Yesterday I impulse-purchased a Swamp Tupelo and an Empress Tree from Ty Ty nursury in Georgia.   The Swamp Tupelo, as the name suggests likes a nice drink now and then.  It thrives in but doesn’t require a particularly moist environment.  It can grow up here even though it sounds like it wouldn’t be wise to plant north of the Mason Dixon.  We have a wet patch off to the north side of the house.  It catches the runoff from the mountain above us and it’s always sopping wet.  Why not put something in there that thinks damp is a plus?  The Empress Tree is a flaming purple affair that seemed a find compromise to the jacaranda-sort of tree I had in my mind. 

Well, I got an email today saying they wouldn’t be shipping these trees till December.  May was the last month they were shipping.  Ahh but it is May.  Can’t we talk?  Are you not shipping because there is a risk in this warm weather?   I wrote them an email with all my questions and the autoreply suggested that no one was reading emails during the Covid affair.  One would have thought that this would have been the easiest of services to maintain.  Call this number, if you want engagement.  Today I did and after a bit of holding it all up to the light: “gee, is there no way you could just send it now?”, I cancelled the order.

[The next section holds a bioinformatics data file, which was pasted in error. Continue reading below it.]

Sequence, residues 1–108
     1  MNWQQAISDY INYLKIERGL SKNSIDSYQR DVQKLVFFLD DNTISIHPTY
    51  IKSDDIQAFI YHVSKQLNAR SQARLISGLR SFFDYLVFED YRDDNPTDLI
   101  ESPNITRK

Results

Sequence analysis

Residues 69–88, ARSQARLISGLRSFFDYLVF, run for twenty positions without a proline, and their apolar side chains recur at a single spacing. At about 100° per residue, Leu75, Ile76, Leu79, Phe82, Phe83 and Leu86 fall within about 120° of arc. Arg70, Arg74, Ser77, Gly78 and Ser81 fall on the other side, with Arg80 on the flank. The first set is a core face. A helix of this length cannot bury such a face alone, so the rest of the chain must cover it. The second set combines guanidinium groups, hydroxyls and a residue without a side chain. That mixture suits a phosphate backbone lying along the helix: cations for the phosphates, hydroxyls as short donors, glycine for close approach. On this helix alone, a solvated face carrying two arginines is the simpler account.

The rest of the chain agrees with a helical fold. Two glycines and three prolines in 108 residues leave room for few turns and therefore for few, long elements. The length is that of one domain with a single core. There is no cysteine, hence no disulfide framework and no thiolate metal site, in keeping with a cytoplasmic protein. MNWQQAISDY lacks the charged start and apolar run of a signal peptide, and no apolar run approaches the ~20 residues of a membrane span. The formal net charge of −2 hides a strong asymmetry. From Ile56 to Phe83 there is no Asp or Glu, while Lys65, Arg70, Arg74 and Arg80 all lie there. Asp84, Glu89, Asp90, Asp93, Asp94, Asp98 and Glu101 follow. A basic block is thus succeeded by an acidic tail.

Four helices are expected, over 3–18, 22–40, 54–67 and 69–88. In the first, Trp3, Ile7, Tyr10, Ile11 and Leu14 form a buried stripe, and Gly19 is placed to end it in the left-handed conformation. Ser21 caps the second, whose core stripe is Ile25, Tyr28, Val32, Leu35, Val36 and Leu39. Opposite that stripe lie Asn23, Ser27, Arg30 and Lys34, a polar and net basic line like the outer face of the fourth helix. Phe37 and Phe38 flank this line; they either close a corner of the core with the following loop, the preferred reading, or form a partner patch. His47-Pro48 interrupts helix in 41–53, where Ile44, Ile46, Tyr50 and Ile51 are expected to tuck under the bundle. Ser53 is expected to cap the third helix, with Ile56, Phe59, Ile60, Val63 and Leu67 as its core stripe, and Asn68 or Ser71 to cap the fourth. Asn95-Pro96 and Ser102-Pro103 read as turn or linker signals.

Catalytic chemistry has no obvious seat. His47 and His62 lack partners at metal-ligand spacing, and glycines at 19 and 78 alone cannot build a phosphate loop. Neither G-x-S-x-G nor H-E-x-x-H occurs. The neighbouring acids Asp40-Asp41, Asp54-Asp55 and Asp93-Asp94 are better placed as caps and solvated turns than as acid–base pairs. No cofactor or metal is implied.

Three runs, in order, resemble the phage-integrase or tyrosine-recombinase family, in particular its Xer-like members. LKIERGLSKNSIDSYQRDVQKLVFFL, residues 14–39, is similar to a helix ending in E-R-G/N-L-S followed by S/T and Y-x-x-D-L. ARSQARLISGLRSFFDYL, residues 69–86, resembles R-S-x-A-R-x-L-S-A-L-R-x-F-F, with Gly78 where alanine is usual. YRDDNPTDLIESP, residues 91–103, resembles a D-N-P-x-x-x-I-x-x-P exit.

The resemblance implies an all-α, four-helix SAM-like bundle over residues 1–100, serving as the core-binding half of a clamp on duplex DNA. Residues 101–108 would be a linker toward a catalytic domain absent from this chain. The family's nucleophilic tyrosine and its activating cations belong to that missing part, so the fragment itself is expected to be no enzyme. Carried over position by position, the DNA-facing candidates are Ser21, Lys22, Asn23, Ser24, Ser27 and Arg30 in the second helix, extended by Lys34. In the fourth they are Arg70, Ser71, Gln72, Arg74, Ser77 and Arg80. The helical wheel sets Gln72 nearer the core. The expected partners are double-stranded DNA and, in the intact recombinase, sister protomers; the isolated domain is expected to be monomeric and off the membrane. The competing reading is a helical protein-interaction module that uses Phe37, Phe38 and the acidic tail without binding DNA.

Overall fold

Today, I came out and paid my wife a good morning.  She was meandering around “her” garden, her property and she asked me to re-identify a plant or two with my app.  The Virginia Spiderwort has an evocative name and was obviously planted long before we arrived.  The purple flowers open in the day and close themselves at night.  St. John’s Wort, Spider Wort.  What’s a wort?  Surely it has the unfortunate association of a wart.  A quick look suggests that ‘wort’ is the traditional term for a plant with medicinal purposes. 

Behind the garden is a beautiful, black tree that has no branches low to the ground.  It rises up some twenty feet before the bottom branches reach out in a thick, uniform fashion forming a cone for the next, dense twenty feet.  I’d marveled at the tree all winter.  Have tried on more than one occasion to identify the tree with my app.  Today I noticed a low- lying branch and poked the app up into the tree till, low-and-behold I was informed that this was a Black Tupelo.  Well, I’ll be darned.  I didn’t have to order a Tupelo from Georgia.  I have a forty-footer right here in the yard.  I stood back then and admired “my” Black Tupelo, which can only sound rather southern.  And then I went to inform my wife.